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Morbidity, Rickets, and Long-Bone Growth in Post-Medieval Britain: A Cross-Population Analysis.

By Alan R. Ogden, R. Pinhasi, P. Shaw and B. White

Abstract

NoBACKGROUND: Vitamin D deficiency rickets is associated with skeletal deformities including swollen rib junctions, bowing of the legs, and the flaring and fraying of the wrist and long-bone metaphyses. There is, however, scarce information on the direct effect of rickets on skeletal growth in either present or past populations. AIM: The study investigated the effect of vitamin D deficiency rickets on long-bone growth in two post-medieval skeletal populations from East London (Broadgate and Christ Church Spitalfields). Subsequently, inter-population growth variations in relation to non-specific environmental stress (dental enamel defects), industrialization, urbanization and socio-economic status during infancy (birth to 3 years) and early childhood (3-7 years) were examined. SUBJECTS AND METHODS: Data on long-bone diaphyseal length dimensions and stress indicators of 234 subadults from Anglo-Saxon, late medieval and post-medieval archaeological skeletal samples were analysed using both linear and non-linear growth models. RESULTS: Rickets had no effect on the growth curves for any of the long bones studied. However, pronounced variations in growth between the four populations were noted, mainly during infancy. The diaphyseal length of long bones of Broadgate were significantly smaller-per-age than those of Spitalfields and the other samples up to the age of 4 years, and were associated with a high prevalence of enamel defects during early infancy. CONCLUSION: Socio-economic status, rather than urbanization, industrialization or rickets, was the central factor behind the observed differences in growth among the post-medieval populations. The observed inter-population growth variations were only significant during infancy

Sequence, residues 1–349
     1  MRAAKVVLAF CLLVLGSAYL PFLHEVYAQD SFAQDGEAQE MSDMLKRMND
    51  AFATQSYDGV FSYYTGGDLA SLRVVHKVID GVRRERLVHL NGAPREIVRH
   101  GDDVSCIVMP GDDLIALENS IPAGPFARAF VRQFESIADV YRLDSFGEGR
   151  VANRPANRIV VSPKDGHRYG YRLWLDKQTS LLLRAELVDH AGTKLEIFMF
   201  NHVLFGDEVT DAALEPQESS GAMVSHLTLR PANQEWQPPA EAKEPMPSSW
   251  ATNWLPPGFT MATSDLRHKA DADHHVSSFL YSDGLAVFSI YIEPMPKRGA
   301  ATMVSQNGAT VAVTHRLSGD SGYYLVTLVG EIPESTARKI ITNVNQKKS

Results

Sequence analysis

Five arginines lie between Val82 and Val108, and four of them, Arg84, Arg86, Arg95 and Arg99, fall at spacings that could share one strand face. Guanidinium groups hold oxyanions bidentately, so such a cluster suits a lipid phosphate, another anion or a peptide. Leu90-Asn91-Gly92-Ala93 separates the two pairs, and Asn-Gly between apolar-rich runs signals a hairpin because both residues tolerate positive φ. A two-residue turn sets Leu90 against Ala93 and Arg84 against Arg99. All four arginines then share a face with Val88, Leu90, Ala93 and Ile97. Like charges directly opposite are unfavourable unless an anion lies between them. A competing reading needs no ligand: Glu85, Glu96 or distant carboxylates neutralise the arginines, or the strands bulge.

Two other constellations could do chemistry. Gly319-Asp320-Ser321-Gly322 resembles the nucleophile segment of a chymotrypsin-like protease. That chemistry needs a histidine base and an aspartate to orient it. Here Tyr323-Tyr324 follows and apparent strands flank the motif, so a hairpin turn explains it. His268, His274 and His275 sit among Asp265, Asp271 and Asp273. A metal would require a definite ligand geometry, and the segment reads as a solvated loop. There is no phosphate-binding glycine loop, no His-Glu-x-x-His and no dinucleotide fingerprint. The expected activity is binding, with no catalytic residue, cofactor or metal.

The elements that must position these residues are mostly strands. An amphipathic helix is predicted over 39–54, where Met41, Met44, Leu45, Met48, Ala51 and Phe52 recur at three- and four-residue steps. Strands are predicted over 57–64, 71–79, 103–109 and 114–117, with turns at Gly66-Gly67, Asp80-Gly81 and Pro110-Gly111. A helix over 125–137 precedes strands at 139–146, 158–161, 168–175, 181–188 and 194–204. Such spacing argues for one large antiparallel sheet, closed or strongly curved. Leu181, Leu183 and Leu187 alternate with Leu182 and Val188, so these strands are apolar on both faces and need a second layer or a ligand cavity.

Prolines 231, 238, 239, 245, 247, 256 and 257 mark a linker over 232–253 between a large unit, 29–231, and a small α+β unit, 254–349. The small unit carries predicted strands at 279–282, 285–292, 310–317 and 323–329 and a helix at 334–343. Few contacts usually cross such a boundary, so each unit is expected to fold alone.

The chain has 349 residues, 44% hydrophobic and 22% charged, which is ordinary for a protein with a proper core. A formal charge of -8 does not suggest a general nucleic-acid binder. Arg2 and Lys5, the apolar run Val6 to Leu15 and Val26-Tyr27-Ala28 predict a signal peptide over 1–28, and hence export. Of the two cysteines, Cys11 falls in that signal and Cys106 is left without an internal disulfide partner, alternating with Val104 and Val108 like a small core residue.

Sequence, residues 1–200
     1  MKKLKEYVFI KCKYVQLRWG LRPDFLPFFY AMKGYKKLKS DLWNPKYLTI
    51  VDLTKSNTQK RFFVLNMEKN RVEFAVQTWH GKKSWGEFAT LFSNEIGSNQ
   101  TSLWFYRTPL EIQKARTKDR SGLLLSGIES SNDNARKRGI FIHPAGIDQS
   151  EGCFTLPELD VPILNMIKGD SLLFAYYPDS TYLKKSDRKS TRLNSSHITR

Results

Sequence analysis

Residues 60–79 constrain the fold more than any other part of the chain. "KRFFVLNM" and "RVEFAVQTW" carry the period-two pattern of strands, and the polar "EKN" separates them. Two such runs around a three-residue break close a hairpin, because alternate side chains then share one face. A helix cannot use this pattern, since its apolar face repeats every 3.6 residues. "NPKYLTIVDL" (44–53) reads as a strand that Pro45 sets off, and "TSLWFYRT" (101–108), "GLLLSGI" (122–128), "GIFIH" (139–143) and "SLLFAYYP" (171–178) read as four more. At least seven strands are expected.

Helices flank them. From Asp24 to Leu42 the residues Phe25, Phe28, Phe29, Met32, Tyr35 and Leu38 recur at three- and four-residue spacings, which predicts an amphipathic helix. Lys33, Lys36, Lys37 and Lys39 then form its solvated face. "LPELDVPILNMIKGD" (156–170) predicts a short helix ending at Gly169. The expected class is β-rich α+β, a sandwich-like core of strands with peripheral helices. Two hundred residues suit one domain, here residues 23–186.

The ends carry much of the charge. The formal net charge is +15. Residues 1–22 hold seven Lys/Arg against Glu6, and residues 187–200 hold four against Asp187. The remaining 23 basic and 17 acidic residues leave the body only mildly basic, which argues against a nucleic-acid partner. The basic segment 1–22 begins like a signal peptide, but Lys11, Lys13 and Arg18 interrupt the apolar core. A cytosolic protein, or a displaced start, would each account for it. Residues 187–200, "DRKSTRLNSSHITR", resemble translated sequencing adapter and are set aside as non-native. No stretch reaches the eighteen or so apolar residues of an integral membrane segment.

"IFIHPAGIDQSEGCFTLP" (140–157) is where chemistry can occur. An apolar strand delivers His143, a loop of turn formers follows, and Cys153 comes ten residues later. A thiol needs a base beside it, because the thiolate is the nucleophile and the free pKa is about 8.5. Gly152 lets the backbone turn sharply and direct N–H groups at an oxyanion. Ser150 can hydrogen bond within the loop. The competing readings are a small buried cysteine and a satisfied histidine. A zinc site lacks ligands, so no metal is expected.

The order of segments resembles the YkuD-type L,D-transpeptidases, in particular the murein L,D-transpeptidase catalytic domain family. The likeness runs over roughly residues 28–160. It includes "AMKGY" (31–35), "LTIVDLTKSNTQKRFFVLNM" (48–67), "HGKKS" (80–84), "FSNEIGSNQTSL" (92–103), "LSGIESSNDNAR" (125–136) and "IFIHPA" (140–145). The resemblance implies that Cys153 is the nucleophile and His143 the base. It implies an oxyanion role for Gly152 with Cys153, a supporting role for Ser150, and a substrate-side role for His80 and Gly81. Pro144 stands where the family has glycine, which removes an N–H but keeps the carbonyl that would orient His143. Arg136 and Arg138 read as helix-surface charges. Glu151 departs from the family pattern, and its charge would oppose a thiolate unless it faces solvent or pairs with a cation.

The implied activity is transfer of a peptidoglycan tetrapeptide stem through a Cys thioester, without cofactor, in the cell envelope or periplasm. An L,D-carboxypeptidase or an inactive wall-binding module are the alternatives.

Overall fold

Topics: Rickets, Morbidity, Skeletal deformities, Vitamon D deficiency, Industrialization, Urbanization, Socio-economic status, Post Mediaeval Britain, Long bone growth
Year: 2006
DOI identifier: 10.1080/03014460600707503
OAI identifier: oai:bradscholars.brad.ac.uk:10454/3272
Provided by: Bradford Scholars
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